When the SpaceX Falcon 9 rocket headed into orbit before dawn today, it quietly carried some celebrities with it.
Or at least their ashes. Remember the actor James Doohan, who played Scotty on the original "Star Trek" series? He died in 2005, and some of his ashes were in a container in the rocket's second stage. Also along were cremated remains of Mercury astronaut Gordon Cooper and 306 other people. If you have the money, Celestis, a space services company, will send your loved one's ashes up to orbit Earth.
Sound familiar? This is the second time around for Celestis and Space X; the companies tried to launch Doohan and Cooper and 206 others back in August 2008. When the rocket failed to get to orbit, neither did the cremated remains, or, for that matter, some small satellites sent by NASA and the Department of Defense.
The satellites were lost, but Celestis has a performance guarantee, which means it holds some ashes back just in case something goes horribly, terribly wrong. It often does in the rocket business. Hence, a second chance. The Falcon 9 lifted off from Cape Canaveral this morning at 3:44 a.m. EDT.
What Trekkie doesn't know James "Scotty" Doohan? He was the engineer who beamed Capt. Kirk and Mr. Spock back to the starship Enterprise from the most remote of planets. If only it were that easy to get his remains into Earth orbit.
Fifty years ago Gordon Cooper piloted the Faith 7 spacecraft on a 22-orbit mission, the last flight of Project Mercury in May 1963. He later served as command pilot of Gemini 5 in 1965, racking up 225 hours in space. His ashes were carried today by a rocket remarkably similar to the ones that first took him into the heavens.
The memorials written by the families of the others on this flight are poignant.
Brady Watson Kane died last year in a skydiving accident in Colorado. His family remembers when he told a teacher, "Some day I will take my family to space!" His parents said they will watch the launch on Saturday at Cape Canaveral in Florida.
Friends of Francis Edward McShane of New York pooled their money to send his ashes on this flight. Their tribute to their buddy rights the wrongs in his life. He died of a heart attack in the parking lot of the hospital where he worked.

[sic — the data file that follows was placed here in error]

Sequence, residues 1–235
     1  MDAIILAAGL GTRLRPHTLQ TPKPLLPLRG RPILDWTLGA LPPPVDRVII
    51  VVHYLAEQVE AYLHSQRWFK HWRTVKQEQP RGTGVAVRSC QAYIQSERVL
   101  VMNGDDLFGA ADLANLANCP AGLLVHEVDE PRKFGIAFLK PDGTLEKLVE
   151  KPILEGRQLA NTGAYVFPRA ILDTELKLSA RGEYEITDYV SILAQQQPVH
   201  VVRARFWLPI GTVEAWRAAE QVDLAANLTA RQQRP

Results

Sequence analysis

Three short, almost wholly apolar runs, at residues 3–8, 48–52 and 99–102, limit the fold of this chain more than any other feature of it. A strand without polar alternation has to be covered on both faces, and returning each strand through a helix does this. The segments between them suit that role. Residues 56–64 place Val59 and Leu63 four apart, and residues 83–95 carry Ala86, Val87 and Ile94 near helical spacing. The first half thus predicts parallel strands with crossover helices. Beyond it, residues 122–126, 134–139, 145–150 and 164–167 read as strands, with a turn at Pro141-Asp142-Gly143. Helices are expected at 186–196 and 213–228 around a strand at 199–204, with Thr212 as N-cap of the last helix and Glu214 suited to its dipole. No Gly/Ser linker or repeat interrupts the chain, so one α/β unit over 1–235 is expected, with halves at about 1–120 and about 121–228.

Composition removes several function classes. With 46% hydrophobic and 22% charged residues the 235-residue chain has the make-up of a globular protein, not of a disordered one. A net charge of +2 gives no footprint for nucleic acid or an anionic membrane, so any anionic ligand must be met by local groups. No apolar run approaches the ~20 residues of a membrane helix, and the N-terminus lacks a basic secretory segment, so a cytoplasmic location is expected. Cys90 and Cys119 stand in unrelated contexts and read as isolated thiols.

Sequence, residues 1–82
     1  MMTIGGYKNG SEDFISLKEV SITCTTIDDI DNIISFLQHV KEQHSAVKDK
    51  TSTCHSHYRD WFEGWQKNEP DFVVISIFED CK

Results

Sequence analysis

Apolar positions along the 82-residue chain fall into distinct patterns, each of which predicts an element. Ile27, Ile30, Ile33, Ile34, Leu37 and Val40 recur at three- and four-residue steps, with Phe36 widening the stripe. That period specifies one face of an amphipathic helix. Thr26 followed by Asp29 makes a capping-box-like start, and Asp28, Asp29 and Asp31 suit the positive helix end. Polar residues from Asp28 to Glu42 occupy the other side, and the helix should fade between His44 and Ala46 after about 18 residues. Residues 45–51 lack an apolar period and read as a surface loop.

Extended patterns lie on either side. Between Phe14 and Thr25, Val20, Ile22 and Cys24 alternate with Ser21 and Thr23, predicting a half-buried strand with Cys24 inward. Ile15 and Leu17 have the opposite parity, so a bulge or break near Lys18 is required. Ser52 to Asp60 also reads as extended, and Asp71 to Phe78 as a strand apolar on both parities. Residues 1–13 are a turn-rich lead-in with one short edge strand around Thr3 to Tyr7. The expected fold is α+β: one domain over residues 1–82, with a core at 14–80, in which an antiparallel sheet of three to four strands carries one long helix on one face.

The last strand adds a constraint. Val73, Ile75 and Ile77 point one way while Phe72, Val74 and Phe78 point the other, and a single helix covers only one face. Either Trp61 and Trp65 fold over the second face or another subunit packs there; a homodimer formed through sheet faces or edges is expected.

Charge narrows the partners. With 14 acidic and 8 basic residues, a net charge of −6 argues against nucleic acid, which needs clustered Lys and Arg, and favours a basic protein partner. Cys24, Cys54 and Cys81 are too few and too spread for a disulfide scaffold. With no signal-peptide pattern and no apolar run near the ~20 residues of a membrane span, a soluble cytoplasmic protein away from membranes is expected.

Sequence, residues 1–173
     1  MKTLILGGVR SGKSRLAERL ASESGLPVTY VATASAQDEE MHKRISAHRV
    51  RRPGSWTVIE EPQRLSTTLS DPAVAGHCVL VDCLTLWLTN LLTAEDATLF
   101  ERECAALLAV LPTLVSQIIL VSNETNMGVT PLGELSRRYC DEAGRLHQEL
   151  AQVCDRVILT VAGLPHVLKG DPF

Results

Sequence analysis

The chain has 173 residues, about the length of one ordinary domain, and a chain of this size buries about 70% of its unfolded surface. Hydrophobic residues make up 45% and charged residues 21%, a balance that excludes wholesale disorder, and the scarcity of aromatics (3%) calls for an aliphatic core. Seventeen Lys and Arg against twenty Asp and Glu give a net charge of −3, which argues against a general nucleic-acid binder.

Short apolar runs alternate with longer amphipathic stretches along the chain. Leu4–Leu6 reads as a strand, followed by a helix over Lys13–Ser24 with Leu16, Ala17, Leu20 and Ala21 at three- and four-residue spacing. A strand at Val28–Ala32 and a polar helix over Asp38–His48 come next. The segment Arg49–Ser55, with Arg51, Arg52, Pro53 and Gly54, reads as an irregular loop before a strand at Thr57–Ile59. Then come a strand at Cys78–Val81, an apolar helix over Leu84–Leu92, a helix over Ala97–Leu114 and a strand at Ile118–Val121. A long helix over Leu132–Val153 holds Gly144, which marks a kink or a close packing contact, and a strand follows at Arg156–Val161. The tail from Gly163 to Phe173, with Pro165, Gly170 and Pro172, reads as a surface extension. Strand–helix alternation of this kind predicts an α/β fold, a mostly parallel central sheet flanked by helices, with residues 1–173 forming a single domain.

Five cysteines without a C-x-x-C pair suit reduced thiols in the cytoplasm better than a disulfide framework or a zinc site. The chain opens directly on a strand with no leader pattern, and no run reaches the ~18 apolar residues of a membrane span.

"In the balance of life, Frank's scales are uneven," they wrote. "To help right this injustice we now pool our resources to lift his last remains of a noble man to the heavens."
Vicki Julian promised her husband, Steve, she would send his ashes to space. Steve Julian died of cancer in 2006. She says his passion to become an astronaut started when Sputnik launched; instead, he majored in history, got married, had two children, and worked in the insurance industry. She is fulfilling his dream of spaceflight.
Sending a loved one's ashes to space isn't that outrageous. It requires some patience; Celestis has to find an aerospace company willing and able to get the ashes into orbit. These ashes are in a canister stored in the second stage of the Falcon 9 rocket, which will separate from the Dragon capsule nine minutes into flight. If all goes as planned, the rocket will orbit the Earth for up to a year before it re-enters the atmosphere and burns up
Celestis' prices vary. A suborbital flight with a return to Earth starts at $1,000, the launch into Earth orbit is $3,000, and a trip to the Moon costs almost $10,000. If you really want to go where no man has gone before, a flight into deep space will run you almost $13,000.
This puts NASA in a delicate position. NASA's Alan Lindenmoyer, who oversees the agency's relationship with SpaceX, says the cremated cargo had to pass all of NASA's safety requirements.
"We had to make sure it would be interfere in any way with our mission objectives before we allowed it go into the rocket," he said.